Dominic Lawson: Public figures don't stop being human

My sister, Nigella, copes with grotesque coverage by deciding that the person being written about is nothing to do with her

Tuesday 12 April 2011 00:00 BST

Hath not a politician eyes? Hath not a politician hands, organs, dimensions, senses, afflictions, passions? Fed with the same food, hurt with the same weapons, subject to the same diseases, healed by the same means, warmed and cooled by the same winter and summer, as the rest of humanity is?

With apologies to Shylock's soliloquy from The Merchant of Venice, I offer this as an interpretation of Nick Clegg's much-ridiculed confession of membership of the human race in his New Statesman interview with its guest editor Jemima Khan; not just ridiculed, in fact, but excoriated for this response to her asking how he felt about being spat at in the street and having dog shit pushed through his letter box: "No, well look, I'm a human being, I'm not a punch bag – I've of course got feelings."

This apparently harmless remark brought forth a torrent of invective, from professional pundits (it's our job) and from the twittering public. The former tended to take the view that it was the grossest act of self-pity to blurt out that he had "feelings" about being the subject of abuse (whether or not transmitted in the form of faeces or expectoration); most of the latter appeared to believe a government which is cutting public expenditure is inherently vicious and unfeeling, and its members therefore undeserving of the slightest sympathy for anything that might befall them at the hands of the public as a result.

The Deputy Prime Minister seemed to make matters worse for himself by admitting, in an unrelated section of the interview, that at home, in the evenings, he likes to read novels and and "cries regularly to music". Somehow these two confessions were conflated by commentators into the notion that he cries over the hostility from the electorate– in fact he was merely describing an everyday existence recognisable to anyone with a sensitivity to music and the feelings that it can evoke.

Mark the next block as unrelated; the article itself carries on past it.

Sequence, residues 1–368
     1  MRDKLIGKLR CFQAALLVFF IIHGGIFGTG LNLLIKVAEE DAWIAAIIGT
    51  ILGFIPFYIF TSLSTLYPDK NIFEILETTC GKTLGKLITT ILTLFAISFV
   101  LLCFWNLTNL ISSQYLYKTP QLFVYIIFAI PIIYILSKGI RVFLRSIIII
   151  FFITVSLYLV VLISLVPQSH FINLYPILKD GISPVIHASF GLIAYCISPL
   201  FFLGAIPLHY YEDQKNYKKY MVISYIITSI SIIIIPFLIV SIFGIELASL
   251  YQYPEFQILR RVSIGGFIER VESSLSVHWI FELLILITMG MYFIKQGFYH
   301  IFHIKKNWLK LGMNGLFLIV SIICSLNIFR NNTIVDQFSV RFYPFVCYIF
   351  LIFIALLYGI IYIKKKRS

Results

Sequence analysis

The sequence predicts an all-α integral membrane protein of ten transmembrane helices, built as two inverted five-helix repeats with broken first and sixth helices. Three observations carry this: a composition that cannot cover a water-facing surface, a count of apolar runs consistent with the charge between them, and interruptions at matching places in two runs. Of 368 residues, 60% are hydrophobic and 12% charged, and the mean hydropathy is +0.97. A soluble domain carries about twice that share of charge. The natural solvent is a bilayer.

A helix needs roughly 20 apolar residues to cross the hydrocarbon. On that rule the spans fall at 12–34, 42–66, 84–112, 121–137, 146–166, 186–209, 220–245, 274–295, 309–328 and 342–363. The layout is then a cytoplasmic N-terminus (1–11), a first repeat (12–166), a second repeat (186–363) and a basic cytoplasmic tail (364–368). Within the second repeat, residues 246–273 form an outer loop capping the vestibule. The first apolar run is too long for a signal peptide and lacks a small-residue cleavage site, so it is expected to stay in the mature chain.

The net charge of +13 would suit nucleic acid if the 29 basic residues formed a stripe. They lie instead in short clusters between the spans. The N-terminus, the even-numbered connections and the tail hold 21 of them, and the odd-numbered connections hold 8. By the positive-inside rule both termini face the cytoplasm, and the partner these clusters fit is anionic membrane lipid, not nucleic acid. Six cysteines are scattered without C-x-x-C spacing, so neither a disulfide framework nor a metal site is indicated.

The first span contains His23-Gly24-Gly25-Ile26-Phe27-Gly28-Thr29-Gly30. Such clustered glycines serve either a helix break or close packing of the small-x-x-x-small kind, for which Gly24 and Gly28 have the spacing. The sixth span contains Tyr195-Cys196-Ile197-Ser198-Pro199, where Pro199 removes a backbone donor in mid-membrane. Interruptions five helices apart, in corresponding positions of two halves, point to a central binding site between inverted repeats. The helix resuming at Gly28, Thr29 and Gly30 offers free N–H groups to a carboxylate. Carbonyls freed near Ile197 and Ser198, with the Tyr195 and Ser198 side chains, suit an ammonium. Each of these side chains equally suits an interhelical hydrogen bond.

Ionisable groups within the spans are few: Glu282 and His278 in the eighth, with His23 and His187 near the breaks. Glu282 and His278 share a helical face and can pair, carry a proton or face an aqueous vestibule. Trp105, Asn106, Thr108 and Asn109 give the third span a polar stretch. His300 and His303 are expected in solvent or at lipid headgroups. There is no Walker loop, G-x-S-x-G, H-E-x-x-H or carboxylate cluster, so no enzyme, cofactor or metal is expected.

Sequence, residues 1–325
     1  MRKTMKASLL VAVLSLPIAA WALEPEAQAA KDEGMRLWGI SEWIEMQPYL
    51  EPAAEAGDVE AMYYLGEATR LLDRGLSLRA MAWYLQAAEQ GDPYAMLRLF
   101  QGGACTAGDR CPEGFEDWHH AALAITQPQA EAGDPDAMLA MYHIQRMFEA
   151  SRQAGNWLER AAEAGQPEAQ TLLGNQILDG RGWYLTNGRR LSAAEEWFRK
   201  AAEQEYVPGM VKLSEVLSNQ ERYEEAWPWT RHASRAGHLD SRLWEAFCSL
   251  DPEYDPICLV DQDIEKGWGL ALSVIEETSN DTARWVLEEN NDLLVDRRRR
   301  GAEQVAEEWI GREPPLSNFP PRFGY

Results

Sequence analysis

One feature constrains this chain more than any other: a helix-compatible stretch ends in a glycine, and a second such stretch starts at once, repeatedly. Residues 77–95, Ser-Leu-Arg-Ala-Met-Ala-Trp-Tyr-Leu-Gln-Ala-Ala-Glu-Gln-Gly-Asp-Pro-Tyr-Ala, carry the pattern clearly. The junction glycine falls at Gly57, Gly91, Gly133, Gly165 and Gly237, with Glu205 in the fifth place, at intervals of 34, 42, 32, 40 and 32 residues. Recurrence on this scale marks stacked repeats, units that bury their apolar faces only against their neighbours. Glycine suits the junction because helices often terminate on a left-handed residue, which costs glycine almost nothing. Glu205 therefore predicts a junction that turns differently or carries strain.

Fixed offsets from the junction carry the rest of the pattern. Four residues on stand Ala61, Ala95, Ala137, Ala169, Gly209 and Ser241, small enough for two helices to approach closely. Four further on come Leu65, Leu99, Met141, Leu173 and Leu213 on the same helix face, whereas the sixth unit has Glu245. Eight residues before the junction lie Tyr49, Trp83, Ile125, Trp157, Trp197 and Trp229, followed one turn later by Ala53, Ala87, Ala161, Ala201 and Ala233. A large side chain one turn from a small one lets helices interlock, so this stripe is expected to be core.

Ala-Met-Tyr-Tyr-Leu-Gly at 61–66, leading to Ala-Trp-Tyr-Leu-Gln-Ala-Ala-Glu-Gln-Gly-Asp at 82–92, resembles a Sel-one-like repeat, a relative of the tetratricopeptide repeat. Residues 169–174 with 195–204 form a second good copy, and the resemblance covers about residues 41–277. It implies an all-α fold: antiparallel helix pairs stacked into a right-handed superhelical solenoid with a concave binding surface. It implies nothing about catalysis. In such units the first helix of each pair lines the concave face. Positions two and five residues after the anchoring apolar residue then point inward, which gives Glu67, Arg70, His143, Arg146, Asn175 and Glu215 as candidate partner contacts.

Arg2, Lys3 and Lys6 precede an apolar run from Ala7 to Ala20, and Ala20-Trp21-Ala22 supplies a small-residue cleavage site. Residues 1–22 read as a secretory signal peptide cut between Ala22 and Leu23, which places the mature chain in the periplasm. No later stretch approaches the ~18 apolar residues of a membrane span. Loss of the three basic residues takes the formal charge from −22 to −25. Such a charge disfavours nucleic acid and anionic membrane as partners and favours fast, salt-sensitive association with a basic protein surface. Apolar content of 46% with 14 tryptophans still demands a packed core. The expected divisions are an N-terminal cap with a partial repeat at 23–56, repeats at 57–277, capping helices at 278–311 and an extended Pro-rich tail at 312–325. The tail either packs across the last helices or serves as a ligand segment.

Again, Mr Clegg had transgressed the new conventional wisdom that politicians are not sentient humans like the rest of us, being instead power-crazed automata who pretend to have normal emotions only as a ruse to fool the public into believing they care about anything other than their own sordid careers. The truth is that while politicians are indeed prepared to dupe us in the great cause of winning power, such behaviour is hardly inconsistent with membership of the human race.

The notion of such public figures as mere cut-outs, without the three dimensions of everyone we have ever met, is in part a function of the fact that for the vast majority of the public this is the only way in which politicians are encountered – as an image in a newspaper, or on a screen. This, they have in common with the entire class of person defined by the over-used word "celebrity." Such people exist in a strange half-life, apparently known to millions who in fact do not really know them at all. True, they can become the subject of infatuation by those millions, usually a highly profitable transaction; but they might also be hated with as much vehemence as if they had really harmed their public, rather than merely failed to correspond with some idealised form quite unreasonably demanded of them.